Most businesses must compute income on an accrual basis. This means that income is reported as it is earned and expenses are deducted as they accrue. However, farmers have the option of using the accrual method or the cash method. Under the cash method, income is reported when received as cash and expenses are claimed when paid.
There are several advantages of using the Cash Method:
- Deferral of tax – once you have calculated your taxable income, there could be ways of reducing it further. Under the cash method, you can do this by incurring cash expenses, however, this has to be done prior to your year end. This would include such things as purchasing inventory supplies in the current year for next year as the amount is included as an expense in the year the cash is spent. There are, however, specific CRA rules that must be complied with for such an expenditure to be allowed as an expense under the cash method. Doing this defers income tax to a future year and reduces your current year’s taxes. It does not necessarily eliminate the tax you will end up paying, but it allows you to achieve savings by not paying it in the current year. But such a deferral could potentially reduce your taxes if you can defer the income to a year where you have little revenue or high expenses and you are in a lower marginal tax bracket.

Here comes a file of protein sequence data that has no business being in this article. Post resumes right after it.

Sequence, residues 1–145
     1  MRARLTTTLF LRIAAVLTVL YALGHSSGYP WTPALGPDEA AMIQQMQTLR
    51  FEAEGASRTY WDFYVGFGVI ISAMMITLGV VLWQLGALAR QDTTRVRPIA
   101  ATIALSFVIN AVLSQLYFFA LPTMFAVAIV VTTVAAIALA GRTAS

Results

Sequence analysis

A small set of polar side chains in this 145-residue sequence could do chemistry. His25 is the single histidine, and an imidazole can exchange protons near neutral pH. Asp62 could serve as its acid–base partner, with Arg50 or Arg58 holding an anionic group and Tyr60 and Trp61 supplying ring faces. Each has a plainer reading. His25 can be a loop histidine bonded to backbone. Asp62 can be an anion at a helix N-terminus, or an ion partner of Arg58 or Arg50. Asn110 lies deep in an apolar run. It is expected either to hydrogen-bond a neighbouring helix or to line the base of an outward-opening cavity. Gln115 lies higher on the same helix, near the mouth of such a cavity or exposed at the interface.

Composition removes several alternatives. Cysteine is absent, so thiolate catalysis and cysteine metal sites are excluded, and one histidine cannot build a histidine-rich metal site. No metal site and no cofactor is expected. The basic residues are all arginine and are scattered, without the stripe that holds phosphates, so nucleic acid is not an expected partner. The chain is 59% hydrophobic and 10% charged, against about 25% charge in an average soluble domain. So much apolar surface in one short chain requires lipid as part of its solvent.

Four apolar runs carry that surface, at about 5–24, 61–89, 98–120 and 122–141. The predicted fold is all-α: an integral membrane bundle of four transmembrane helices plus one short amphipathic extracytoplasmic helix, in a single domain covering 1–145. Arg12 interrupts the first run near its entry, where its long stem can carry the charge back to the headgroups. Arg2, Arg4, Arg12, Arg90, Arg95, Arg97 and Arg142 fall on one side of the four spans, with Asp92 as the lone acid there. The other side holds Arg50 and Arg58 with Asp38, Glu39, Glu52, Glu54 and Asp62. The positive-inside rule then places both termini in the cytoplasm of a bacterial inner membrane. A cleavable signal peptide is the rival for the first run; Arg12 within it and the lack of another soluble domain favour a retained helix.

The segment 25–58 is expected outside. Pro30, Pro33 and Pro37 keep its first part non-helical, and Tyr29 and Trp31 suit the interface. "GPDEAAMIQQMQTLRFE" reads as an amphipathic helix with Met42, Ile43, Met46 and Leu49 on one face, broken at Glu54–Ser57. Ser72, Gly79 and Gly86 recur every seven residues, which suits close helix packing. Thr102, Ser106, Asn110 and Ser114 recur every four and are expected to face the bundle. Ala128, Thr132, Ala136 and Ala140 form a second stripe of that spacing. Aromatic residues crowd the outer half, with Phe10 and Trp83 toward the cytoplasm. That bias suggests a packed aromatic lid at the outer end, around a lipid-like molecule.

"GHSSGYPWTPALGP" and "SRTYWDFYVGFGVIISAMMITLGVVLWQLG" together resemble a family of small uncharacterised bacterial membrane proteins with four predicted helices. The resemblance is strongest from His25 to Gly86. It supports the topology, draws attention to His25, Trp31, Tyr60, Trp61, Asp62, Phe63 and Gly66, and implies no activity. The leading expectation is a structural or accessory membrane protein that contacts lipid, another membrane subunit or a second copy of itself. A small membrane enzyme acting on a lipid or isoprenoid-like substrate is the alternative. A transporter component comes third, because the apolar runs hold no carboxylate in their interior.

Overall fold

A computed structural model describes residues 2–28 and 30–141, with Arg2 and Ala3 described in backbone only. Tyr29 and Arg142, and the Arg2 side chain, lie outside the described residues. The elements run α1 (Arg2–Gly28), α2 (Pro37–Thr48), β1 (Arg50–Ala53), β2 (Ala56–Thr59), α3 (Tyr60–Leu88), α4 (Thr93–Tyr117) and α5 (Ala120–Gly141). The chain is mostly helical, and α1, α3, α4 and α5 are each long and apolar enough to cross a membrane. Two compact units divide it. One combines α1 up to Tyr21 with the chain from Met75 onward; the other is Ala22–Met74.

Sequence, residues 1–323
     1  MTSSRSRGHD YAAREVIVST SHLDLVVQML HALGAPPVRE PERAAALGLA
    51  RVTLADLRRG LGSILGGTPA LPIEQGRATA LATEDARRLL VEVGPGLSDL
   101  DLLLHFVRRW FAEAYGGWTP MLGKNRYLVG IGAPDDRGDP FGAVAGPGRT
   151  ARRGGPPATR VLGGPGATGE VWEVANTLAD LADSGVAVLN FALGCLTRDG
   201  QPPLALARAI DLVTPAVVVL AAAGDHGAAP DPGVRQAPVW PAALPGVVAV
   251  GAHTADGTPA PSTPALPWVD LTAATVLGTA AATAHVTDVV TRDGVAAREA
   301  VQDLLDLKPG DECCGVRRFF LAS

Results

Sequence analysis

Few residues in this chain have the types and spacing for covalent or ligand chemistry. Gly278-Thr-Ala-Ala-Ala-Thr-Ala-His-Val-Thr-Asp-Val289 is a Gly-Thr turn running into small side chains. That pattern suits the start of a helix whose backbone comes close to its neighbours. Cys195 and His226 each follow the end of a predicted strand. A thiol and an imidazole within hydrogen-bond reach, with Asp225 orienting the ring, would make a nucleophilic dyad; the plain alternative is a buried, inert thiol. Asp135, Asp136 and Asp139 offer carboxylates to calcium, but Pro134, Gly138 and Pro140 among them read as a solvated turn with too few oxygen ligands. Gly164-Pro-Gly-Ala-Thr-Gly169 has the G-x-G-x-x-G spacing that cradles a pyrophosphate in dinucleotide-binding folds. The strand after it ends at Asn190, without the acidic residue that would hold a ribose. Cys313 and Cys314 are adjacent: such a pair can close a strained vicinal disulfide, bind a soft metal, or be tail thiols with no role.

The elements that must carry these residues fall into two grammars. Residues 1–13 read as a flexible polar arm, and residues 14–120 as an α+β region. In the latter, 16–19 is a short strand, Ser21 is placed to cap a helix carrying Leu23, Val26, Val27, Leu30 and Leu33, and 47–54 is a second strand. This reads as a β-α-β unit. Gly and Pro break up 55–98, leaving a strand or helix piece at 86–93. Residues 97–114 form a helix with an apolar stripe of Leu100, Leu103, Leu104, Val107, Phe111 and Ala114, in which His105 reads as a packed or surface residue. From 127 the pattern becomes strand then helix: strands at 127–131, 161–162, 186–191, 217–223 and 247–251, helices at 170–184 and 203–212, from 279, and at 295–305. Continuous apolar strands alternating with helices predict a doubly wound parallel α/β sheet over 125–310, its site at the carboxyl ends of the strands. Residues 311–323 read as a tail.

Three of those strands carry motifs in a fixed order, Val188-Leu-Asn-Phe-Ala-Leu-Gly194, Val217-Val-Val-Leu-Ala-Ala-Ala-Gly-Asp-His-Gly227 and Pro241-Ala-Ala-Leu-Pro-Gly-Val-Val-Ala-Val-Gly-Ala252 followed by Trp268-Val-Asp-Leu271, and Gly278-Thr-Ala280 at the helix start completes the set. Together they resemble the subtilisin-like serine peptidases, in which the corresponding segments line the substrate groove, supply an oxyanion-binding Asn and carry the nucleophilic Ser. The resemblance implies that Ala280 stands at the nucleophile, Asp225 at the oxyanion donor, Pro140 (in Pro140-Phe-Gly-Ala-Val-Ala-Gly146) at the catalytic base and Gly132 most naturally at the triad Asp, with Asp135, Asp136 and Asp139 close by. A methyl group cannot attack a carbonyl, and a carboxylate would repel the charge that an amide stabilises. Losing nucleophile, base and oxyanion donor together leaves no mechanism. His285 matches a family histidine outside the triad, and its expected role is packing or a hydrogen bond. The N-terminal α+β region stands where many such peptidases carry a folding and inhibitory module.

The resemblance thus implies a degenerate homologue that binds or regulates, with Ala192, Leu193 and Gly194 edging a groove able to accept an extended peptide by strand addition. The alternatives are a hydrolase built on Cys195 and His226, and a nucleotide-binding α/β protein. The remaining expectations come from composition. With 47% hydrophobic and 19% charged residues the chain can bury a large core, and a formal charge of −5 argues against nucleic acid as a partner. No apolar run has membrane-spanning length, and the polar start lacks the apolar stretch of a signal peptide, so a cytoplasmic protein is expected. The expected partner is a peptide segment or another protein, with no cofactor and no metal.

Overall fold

- You also have the option of increasing your income on a discretionary basis if you want to report more income in a particular year. This is done by adding the fair market value of any inventory on hand at the end of the year to your income. The reason you may want to do this is your income in a future year may be higher than it would be in the current year. This income inclusion in the current year is then included as a deduction in the following year allowing you to smooth out a farmer’s income from one year to the next. There is also a mandatory add-back to income of inventory for the cost of purchased inventory during the year, if the farmer is in a loss position.
While the accrual method helps present a more accurate picture of the business, the complexity of the accrual method frequently results in the business owing taxes on income it has yet to receive. It’s important to calculate your expected taxable income before the end of the year so that you can consider certain tax planning strategies.
These are some of the reasons why determining what is best for your farming business (accrual versus cash method ) can be a complicated issue. This is why it is important to talk to a professional at White Kennedy LLP to help you with such matters.
Written by Darrell Swetlishoff – Partner, White Kennedy